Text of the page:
The rest of this article is only available to active members of Questia

Already a member? Log in now.

Notes for this article

Add a new note
If you are trying to select text to create highlights or citations, remember that you must now click or tap on the first word, and then click or tap on the last word.
One moment ...
Default project is now your active project.
Project items

Items saved from this article

This article has been saved
Highlights (0)
Some of your highlights are legacy items.

Highlights saved before July 30, 2012 will not be displayed on their respective source pages.

You can easily re-create the highlights by opening the book page or article, selecting the text, and clicking “Highlight.”

Citations (0)
Some of your citations are legacy items.

Any citation created before July 30, 2012 will labeled as a “Cited page.” New citations will be saved as cited passages, pages or articles.

We also added the ability to view new citations from your projects or the book or article where you created them.

Notes (0)
Bookmarks (0)

You have no saved items from this article

Project items include:
  • Saved book/article
  • Highlights
  • Quotes/citations
  • Notes
  • Bookmarks
Cite this article

Cited article

Citations are available only to our active members.
Buy instant access to cite pages or passages in MLA, APA and Chicago citation styles.

(Einhorn, 1992, p. 25)

(Einhorn 25)

1. Lois J. Einhorn, Abraham Lincoln, the Orator: Penetrating the Lincoln Legend (Westport, CT: Greenwood Press, 1992), 25,

Note: primary sources have slightly different requirements for citation. Please see these guidelines for more information.

Cited article

Contending Nationalisms: Kashmir and the Prospects for Peace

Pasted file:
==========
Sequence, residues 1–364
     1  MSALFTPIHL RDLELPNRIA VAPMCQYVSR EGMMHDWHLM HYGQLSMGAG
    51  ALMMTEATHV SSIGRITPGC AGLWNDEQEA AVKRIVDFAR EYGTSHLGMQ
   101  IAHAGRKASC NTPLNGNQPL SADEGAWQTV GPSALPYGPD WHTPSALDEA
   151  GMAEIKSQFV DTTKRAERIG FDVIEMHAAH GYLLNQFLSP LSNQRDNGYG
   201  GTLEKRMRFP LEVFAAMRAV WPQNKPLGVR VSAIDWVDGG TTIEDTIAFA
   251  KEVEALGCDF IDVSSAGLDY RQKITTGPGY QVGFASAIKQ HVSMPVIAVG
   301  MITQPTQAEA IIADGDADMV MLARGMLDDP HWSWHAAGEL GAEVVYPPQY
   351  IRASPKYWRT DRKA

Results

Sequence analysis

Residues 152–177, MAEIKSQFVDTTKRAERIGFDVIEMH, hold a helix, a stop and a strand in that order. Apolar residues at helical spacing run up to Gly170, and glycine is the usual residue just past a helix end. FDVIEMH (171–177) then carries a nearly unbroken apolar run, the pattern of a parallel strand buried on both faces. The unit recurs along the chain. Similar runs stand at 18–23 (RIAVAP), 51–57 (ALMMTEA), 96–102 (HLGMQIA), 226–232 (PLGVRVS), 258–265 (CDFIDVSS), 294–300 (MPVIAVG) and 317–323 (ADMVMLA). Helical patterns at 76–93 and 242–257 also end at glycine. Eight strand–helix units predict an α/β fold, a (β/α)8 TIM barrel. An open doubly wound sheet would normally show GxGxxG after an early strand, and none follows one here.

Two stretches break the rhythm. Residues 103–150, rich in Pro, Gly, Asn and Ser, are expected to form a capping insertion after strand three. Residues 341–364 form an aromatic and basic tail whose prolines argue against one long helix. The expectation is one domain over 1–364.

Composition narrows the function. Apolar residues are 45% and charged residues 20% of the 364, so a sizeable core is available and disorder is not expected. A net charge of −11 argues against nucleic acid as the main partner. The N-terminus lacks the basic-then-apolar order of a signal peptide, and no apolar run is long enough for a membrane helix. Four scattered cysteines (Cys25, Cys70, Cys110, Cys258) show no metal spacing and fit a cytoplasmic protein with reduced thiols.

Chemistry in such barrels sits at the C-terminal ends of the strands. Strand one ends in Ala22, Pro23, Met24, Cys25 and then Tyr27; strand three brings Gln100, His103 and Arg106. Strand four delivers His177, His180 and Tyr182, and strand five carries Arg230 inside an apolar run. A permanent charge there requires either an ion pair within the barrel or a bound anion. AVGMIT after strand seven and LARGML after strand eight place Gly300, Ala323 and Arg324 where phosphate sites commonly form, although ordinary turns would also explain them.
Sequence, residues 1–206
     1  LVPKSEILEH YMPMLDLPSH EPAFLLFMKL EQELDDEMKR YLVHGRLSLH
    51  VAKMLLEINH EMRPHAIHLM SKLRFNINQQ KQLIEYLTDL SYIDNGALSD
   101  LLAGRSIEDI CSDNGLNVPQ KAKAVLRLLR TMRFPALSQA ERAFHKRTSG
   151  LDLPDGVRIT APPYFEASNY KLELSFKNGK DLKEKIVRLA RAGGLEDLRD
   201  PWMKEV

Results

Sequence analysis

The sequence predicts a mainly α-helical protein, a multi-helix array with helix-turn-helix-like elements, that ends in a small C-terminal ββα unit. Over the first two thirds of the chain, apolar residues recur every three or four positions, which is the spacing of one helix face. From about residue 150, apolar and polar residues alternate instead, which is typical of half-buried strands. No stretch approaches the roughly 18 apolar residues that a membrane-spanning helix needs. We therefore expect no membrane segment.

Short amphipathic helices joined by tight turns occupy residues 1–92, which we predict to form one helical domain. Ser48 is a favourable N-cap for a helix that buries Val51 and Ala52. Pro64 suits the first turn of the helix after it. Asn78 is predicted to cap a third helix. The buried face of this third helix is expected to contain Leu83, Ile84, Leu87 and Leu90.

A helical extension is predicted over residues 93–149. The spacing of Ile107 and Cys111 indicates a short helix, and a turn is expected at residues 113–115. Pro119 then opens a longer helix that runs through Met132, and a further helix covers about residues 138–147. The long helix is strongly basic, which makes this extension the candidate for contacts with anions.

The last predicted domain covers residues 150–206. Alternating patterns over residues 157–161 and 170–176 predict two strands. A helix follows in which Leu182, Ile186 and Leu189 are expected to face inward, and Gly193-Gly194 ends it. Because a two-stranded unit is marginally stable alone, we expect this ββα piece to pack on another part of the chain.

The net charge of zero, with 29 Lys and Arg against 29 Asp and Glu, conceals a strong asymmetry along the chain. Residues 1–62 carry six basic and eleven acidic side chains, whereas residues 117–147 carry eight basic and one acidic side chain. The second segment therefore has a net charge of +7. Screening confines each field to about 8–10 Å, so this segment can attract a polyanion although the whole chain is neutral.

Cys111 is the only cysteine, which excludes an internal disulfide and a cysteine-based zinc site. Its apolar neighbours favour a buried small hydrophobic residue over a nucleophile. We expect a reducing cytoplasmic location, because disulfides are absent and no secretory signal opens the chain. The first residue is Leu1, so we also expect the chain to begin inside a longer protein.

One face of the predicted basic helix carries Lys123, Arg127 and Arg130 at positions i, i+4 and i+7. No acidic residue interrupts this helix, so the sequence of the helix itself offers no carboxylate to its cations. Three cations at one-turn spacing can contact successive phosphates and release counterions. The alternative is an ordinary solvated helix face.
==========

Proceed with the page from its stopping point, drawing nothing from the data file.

Text size Smaller Larger Reset View mode
Search within

Search within this article

Look up

Look up a word

  • Dictionary
  • Thesaurus
Please submit a word or phrase above.
Print this page

Print this page

Why can't I print more than one page at a time?

Full screen

matching results for page

    Questia reader help

    How to highlight and cite specific passages

    1. Click or tap the first word you want to select.
    2. Click or tap the last word you want to select, and you’ll see everything in between get selected.
    3. You’ll then get a menu of options like creating a highlight or a citation from that passage of text.

    OK, got it!

    Cited passage

    Citations are available only to our active members.
    Buy instant access to cite pages or passages in MLA, APA and Chicago citation styles.

    "Portraying himself as an honest, ordinary person helped Lincoln identify with his audiences." (Einhorn, 1992, p. 25).

    "Portraying himself as an honest, ordinary person helped Lincoln identify with his audiences." (Einhorn 25)

    "Portraying himself as an honest, ordinary person helped Lincoln identify with his audiences."1

    1. Lois J. Einhorn, Abraham Lincoln, the Orator: Penetrating the Lincoln Legend (Westport, CT: Greenwood Press, 1992), 25,

    New feature

    It is estimated that 1 in 10 people have dyslexia, and in an effort to make Questia easier to use for those people, we have added a new choice of font to the Reader. That font is called OpenDyslexic, and has been designed to help with some of the symptoms of dyslexia. For more information on this font, please visit

    To use OpenDyslexic, choose it from the Typeface list in Font settings.

    OK, got it!

    Cited passage

    Thanks for trying Questia!

    Please continue trying out our research tools, but please note, full functionality is available only to our active members.

    Your work will be lost once you leave this Web page.

    Buy instant access to save your work.

    Already a member? Log in now.

    Author Advanced search


    An unknown error has occurred. Please click the button below to reload the page. If the problem persists, please try again in a little while.